5. How did you get started in the cybersecurity field,
and what advice would you give to a beginner
pursuing a career in cybersecurity?
6. What is your specialty in cybersecurity?
How can others gain expertise in your specialty?
7. What is your advice for career success when it
comes to getting hired, climbing the corporate
ladder, or starting a company in cybersecurity?
8. What qualities do you believe all highly successful
cybersecurity professionals share?
9. What is the best book or movie that can be
used to illustrate cybersecurity challenges?
10. What is your favorite hacker movie?
11. What are your favorite books for motivation,
personal development, or enjoyment?
12. What is some practical cybersecurity advice you
give to people at home in the age of social media
and the Internet of Things?
13. What is a life hack that you’d like to share?
14. What is the biggest mistake you’ve ever made,
and how did you recover from it?
Before we wrap up, a quick note about the book: We edited
every interview to improve flow and readability, and in
some cases, this meant abbreviating answers or deleting
non-responses. You’ll also notice that we’ve included
contact information at the end of each bio indicating where
you can find each hacker on the web, as well as on social
media. We’re an engaged and tight-knit group, and we
hope you’ll join us.

Creating this book has been an amazing journey, and I
hope the answers to these questions help guide you along your path.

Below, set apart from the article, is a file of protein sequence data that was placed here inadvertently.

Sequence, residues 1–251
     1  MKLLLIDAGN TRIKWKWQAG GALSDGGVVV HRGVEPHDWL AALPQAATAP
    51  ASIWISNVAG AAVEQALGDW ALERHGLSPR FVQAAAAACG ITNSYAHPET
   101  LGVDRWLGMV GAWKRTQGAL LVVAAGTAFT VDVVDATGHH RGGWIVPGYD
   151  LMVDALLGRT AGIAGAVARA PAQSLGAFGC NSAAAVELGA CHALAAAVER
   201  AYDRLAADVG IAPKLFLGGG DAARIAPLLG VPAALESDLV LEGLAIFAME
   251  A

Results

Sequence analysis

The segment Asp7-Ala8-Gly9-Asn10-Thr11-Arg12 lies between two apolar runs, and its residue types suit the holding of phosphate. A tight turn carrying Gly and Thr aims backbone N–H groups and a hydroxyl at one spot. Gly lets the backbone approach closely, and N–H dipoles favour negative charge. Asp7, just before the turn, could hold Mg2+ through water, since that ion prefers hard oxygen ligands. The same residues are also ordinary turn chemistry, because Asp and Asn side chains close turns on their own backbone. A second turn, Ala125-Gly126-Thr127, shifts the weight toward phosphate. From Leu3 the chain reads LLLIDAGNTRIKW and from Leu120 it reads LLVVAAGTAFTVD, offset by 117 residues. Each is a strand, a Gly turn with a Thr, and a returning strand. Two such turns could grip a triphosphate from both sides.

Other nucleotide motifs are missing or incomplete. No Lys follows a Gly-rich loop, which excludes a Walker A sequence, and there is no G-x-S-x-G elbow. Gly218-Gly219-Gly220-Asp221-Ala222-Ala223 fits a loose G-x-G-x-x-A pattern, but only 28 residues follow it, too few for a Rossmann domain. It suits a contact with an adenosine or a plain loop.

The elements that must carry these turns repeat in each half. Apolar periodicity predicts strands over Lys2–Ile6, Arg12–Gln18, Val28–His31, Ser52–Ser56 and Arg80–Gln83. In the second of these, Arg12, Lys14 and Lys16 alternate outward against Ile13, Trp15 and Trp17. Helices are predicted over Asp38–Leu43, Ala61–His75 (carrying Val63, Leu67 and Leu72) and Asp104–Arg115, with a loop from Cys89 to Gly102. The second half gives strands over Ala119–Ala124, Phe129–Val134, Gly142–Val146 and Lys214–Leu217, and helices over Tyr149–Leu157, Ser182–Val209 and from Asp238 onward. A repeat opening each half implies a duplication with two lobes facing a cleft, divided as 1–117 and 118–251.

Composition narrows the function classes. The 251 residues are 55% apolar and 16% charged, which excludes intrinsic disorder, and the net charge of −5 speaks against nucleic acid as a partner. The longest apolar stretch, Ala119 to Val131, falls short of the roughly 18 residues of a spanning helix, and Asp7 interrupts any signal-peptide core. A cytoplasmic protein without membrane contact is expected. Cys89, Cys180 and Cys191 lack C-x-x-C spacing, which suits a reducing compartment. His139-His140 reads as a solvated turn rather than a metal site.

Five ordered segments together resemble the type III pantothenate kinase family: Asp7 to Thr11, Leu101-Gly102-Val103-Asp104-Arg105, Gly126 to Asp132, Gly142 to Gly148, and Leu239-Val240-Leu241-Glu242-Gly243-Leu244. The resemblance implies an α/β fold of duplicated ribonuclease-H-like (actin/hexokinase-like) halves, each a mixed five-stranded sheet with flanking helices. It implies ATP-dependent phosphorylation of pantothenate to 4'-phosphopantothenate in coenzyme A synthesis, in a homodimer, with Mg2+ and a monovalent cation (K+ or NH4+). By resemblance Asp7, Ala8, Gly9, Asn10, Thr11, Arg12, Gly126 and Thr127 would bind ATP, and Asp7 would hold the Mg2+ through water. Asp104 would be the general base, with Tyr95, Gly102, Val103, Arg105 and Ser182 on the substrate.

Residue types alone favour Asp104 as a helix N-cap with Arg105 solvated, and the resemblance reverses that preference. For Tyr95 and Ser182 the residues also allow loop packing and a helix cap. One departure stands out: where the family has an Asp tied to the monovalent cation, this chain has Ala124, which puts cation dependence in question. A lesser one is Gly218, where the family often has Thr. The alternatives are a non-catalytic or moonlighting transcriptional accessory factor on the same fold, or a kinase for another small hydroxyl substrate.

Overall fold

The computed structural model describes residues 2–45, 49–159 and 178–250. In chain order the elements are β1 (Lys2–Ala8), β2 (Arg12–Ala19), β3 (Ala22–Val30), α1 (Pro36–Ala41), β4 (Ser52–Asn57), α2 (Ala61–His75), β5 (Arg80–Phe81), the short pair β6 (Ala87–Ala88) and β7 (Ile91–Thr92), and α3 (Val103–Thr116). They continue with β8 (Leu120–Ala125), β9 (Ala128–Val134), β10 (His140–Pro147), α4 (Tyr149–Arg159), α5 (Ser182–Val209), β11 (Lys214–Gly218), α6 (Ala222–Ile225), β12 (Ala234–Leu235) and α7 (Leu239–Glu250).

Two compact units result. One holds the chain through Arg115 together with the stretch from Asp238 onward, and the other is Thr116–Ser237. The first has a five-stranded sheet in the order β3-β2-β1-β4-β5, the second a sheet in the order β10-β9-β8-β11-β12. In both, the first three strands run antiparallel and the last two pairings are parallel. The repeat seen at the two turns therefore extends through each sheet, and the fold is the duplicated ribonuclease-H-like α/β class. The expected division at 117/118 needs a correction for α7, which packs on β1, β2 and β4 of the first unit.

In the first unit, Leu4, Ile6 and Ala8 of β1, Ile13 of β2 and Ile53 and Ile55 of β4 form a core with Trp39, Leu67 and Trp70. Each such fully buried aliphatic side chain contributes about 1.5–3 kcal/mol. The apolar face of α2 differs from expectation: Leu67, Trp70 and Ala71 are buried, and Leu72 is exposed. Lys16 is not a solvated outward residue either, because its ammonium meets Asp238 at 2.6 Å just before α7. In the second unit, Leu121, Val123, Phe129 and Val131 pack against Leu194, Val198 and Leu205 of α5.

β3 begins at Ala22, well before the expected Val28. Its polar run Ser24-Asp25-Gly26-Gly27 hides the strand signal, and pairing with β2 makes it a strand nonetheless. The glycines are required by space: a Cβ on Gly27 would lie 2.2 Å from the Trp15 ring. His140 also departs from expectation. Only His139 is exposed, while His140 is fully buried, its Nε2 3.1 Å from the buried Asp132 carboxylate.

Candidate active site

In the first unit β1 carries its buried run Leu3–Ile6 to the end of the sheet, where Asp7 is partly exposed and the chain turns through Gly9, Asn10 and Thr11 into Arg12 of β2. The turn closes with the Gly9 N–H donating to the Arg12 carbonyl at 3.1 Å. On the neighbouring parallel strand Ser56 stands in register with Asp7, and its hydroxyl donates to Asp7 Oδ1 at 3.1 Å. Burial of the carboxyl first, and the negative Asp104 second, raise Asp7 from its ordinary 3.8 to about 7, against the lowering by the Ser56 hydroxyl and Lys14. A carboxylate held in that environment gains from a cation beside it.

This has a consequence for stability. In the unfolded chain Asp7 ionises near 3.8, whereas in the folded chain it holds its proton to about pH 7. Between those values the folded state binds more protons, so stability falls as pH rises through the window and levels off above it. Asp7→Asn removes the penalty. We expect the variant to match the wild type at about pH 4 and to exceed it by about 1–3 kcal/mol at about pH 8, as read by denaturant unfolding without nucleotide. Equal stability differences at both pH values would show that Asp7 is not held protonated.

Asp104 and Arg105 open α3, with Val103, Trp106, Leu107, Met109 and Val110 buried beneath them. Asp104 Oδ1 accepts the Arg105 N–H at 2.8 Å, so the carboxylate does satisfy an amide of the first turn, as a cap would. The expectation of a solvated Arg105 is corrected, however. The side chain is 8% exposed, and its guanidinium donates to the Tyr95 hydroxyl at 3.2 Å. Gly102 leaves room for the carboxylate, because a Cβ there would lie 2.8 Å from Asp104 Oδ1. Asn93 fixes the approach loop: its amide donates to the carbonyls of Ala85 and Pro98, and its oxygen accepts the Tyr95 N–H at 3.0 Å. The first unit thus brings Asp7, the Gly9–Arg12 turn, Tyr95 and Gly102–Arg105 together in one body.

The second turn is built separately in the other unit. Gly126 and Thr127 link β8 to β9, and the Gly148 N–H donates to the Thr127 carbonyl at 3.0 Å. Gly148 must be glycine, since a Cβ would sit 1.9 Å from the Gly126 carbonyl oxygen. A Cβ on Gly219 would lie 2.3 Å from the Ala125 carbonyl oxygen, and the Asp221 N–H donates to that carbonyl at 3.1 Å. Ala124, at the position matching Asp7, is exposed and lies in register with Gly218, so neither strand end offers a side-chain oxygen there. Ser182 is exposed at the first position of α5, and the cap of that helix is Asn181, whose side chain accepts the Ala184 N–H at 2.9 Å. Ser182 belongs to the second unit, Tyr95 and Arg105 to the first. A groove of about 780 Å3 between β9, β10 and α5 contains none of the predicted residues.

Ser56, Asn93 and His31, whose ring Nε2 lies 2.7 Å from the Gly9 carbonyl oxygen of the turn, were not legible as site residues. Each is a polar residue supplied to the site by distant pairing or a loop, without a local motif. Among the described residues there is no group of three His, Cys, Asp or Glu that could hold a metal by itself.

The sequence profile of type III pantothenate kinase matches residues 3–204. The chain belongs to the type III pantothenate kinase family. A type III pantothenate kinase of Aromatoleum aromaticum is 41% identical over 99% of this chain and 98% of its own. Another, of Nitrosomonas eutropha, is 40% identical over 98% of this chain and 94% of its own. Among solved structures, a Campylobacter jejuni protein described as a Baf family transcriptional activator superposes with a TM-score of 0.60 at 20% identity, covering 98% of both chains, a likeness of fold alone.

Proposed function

Marcus J. Carey
CEO Threatcare
January 1, 2018

Table of Contents
Introduction 1
01 Marcus J. Carey 6
02 Ian Anderson 12
03 Andrew Bagrin 18
04 Zate Berg 24
05 Cheryl Biswas 28
06 Keirsten Brager 32
07 Evan Booth 38
08 Kyle Bubp 42
09 Lesley Carhart 48
10 Lee Carsten 54
11 Whitney Champion 60
12 Ming Chow 66
13 Jim Christy 72
14 Ian Coldwater 78
15 Dan Cornell 84
16 Kim Crawley 90
17 Emily Crose 96
18 Daniel Crowley 100
19 Winnona DeSombre 104
20 Ryan Dewhurst 110
21 Deidre Diamond 114
22 Ben Donnelly 118
23 Kimber Dowsett 130
24 Ronald Eddings 136
25 Justin Elze 140
26 Robert Graham 144
27 Claudio Guarnieri 150
28 Ron Gula 154
29 Jennifer Havermann 158
30 Teuta Hyseni 162
31 Terence Jackson 168
32 Ken Johnson 172
33 David Kennedy 178
34 Michelle Klinger 186
35 Marina Krotofil 192
36 Sami Laiho 200
37 Robert M. Lee 204
38 Kelly Lum 208
39 Tracy Z. Maleeff 212
40 Andy Malone 218
41 Jeffrey Man 224
42 Jim Manico 232
43 Kylie Martonik 236
44 Christina Morillo 240
45 Kent Nabors 244
46 Wendy Nather 252
47 Charles Nwatu 258
48 Davi Ottenheimer 264
49 Brandon Perry 274
50 Bruce Potter 280
51 Edward Prevost 284
52 Steve Ragan 288
53 Stephen A. Ridley 292
54 Tony Robinson 300
55 David Rook 306
56 Guillaume Ross 314
57 Brad Schaufenbuel 320
58 Chinyere Schwartz 326
59 Khalil Sehnaoui 330
60 Astha Singhal 338
61 Dug Song 342
62 Jayson E. Street 352
63 Ben Ten 358
64 Dan Tentler 362
65 Ben Tomhave 368
66 Robert "TProphet" Walker 374
67 Georgia Weidman 380
68 Jake Williams 384
69 Robert Willis 390
70 Robin Wood 394
Final Thoughts 399
Acknowledgments 400
Bibliography 401